US issues warrant for Iranian tanker released by Gibraltar

US issues warrant for Iranian tanker released by Gibraltar
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The Justice Department unsealed a warrant Friday for the seizure of an Iranian tanker accused of smuggling oil to Syria.

The tanker, called the Grace 1, had been held in Gibraltar since early July on allegations of violating European Union sanctions, but authorities there approved its release Thursday despite a last-minute U.S. application to block the release.

Officials in Gibraltar said they approved the release after receiving written assurances from Iran that the ship’s destination will not be Syria.

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The warrant unsealed Friday says the Grace 1, all petroleum aboard the ship and $995,000 are subject to forfeiture.

A Justice Department complaint filed in the U.S. District Court for the District of Columbia says a confidential source revealed that the Grace 1’s destination prior to being detained was Syria.

After its detention, charts discovered onboard, WhatsApp messages from crewmembers' mobile devices and crewmembers' statements revealed the ship was headed to Port Banias, Syria, in violation of U.S. sanctions, the complaint added.

The complaint alleges the Grace 1 was used by Iran’s Revolutionary Guard Corps (IRGC) in a broader scheme to illicitly ship oil to Syria.

“Law enforcement has also discovered that, in addition to transferring Iranian petroleum, the Grace 1 used fraudulent documents when conducting this activity,” the complaint said. “Moreover, financial records show that U.S. dollar wires were sent through the United States financial system for the benefit of the Grace 1 near the time of illicit transfers by the Grace 1. This scheme was designed to benefit the IRGC, as it ultimately controls the Grace 1.”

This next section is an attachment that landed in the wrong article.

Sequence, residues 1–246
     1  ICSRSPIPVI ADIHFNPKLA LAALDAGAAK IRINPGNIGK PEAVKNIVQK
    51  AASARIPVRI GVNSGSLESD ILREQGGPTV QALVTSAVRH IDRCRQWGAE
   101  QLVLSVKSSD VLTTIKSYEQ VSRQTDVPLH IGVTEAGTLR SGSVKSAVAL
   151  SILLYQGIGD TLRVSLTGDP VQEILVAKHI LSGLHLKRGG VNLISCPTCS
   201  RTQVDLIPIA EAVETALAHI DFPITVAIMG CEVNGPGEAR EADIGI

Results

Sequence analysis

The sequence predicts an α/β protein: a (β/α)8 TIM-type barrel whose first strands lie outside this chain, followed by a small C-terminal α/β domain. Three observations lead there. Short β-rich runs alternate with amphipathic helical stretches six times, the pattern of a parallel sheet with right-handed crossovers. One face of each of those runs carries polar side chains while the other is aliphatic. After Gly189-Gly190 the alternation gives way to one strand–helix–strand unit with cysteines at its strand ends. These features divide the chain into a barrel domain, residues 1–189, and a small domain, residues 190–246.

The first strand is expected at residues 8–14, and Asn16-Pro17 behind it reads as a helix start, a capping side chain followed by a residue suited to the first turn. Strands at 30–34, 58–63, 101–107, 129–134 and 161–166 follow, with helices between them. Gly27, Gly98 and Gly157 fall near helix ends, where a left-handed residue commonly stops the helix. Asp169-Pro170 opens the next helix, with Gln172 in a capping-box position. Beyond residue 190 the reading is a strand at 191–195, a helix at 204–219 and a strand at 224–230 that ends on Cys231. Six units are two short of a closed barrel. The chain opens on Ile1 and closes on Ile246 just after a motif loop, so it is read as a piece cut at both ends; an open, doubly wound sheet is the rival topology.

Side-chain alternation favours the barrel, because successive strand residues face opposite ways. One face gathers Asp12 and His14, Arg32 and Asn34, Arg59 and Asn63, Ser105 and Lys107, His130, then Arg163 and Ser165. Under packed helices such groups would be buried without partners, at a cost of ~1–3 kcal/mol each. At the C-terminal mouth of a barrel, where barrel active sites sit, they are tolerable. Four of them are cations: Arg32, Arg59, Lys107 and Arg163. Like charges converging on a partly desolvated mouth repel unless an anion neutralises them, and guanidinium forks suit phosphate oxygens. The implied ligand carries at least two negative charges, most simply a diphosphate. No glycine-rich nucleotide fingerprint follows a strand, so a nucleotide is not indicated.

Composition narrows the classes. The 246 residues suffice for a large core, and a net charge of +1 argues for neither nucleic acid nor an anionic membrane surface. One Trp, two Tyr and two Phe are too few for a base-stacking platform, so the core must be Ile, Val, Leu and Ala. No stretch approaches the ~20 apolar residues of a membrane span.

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Among the illicit activity the Justice Department alleges the Grace 1 was involved in, the complaint says the ship turned off its transponder to conceal its location, engaged in ship-to-ship transfers and had fraudulent documents saying its oil was from Iraq.

The complaint also alleges money laundering through multiple intermediaries to access the U.S. financial system.

“Multiple companies engaged in multiple financial transactions related to the Grace 1's recent illegal shipment of Iranian oil through the U.S. financial system,” the complaint says. “Specifically, the companies involved with these transactions were used as intermediaries to avoid listing the ultimate senders and beneficiaries on these U.S. dollar transactions.”

Reuters reported Friday that while the Grace 1 has “shifted position,” it has not yet left the British territory of Gibraltar.

The detention of the Grace 1 in early July was a key flashpoint in escalating tensions with Iran.

Iran slammed the detention as an act of “piracy” and accused Britain of acting on behalf of the United States.

A couple weeks later, Iran seized the British-flagged Stena Impero as it was transiting the Strait of Hormuz in what was widely seen as retaliation for the Grace 1.

The ship seizures added to already heightened tensions stemming from the Trump administration’s tightening of sanctions on Iran and the country's decision to breech two key limits of the 2015 nuclear deal.

The back-and-forth between the United States and Iran over the past few months has included Tehran shooting down a U.S. surveillance drone, President Trump coming within minutes of launching a military strike on Iran, the U.S. military downing an Iranian drone and attacks on oil tankers near the Gulf that the United States has blamed on Iran.